The Homebody, the Deep Diver and the Beach Bum!
In 2015 guests on-board the adventure-cruise ship TRUE NORTH teamed-up with marine researchers from Conservation International and started to deploy fin-mounted satellite tags on whale sharks encountered during the ship’s Whale Sharks of Cenderawasih Bay itinerary. And the results have proved to be quite surprising.
Each year the revered TRUE NORTH visits biodiverse Cenderawasih which lies adjacent to the spectacular Raja Ampat islands in West Papua and, everybody on-board gets a chance to swim with the ‘resident’ population of whale sharks. These encounters are quite different to more typical whale shark encounters because the sharks have formed a unique relationship with the local fisherman and, they are easily approached.
Their docile behaviour has allowed biologists to fix fin-mounted tags – a more durable type of satellite tag and, the tags have been providing unexpected data about where the sharks travel when they are not in swimming in the bay.
Conservation International’s Mark Erdmann reports “Perhaps the most surprising finding has been just how differently each of the tagged sharks has behaved. We expected to see some generalized tracks of migration but in reality each shark has largely done its own thing!”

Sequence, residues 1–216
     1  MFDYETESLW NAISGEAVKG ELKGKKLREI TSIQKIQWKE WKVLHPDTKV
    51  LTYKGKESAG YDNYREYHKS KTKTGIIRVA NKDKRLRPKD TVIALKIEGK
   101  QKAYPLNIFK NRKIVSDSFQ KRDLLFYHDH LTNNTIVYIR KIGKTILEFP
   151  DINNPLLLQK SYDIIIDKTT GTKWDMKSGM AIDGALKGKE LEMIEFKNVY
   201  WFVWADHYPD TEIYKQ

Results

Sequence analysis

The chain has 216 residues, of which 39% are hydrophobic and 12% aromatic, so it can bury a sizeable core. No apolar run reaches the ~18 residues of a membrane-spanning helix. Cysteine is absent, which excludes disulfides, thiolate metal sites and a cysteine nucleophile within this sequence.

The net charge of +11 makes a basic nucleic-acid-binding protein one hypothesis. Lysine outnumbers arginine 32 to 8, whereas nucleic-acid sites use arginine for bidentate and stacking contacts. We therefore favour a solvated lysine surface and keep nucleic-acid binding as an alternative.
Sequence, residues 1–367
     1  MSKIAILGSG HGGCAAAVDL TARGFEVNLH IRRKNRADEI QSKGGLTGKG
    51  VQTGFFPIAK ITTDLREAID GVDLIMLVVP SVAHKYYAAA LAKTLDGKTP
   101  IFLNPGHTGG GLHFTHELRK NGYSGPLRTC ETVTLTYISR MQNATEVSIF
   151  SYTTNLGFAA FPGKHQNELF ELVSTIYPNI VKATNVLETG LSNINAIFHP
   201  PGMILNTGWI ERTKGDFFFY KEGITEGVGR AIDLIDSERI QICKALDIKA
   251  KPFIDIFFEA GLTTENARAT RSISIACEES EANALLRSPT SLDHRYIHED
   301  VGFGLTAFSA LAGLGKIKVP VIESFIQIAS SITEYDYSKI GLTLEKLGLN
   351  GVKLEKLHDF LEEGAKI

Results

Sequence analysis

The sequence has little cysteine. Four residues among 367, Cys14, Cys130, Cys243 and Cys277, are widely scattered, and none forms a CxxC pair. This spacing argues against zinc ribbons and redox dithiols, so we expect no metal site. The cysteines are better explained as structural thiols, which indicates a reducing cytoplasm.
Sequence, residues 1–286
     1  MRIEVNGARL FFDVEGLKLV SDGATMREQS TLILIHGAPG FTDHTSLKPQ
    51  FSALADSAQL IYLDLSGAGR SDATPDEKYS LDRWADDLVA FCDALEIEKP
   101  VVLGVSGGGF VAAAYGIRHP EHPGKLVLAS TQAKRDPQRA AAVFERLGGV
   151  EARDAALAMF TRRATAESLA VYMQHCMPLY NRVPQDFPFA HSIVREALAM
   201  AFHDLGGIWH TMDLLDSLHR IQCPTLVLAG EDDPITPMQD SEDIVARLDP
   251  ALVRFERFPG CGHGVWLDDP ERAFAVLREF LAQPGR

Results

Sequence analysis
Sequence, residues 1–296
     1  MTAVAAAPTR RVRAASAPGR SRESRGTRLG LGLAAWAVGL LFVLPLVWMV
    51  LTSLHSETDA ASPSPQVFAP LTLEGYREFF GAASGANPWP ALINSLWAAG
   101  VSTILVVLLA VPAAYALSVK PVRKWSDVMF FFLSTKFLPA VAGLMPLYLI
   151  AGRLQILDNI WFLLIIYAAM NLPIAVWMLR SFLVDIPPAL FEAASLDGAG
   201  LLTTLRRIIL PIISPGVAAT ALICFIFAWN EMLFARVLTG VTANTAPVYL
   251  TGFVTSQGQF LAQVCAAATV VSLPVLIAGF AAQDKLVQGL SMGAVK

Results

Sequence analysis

One of the sharks has been a bit of a homebody only leaving Cenderawasih Bay once in 25 months, whilst one of the smallest sharks to be tagged – a 3 metre individual known as “Fijubeca”, has clocked-up an impressive 9000 kilometres during a similar period. The 6 metre “Moby” has recorded the deepest dive getting down to 1856 metres in the Mariana Trench whilst similar sized “Cheggers” has spent most of his time close to the surface. “Wally” has preferred to spend his time close to shore whilst other individuals have completed impressive oceanic swims.
Importantly, the satellite data has highlighted several regions of West Papua that are frequented by migrating whale sharks and, those areas are now being considered for inclusion in Indonesia’s marine park system.
The TRUE NORTH returns to Cenderawasih Bay in October and it is hoped that more sharks will be added to the tagging program.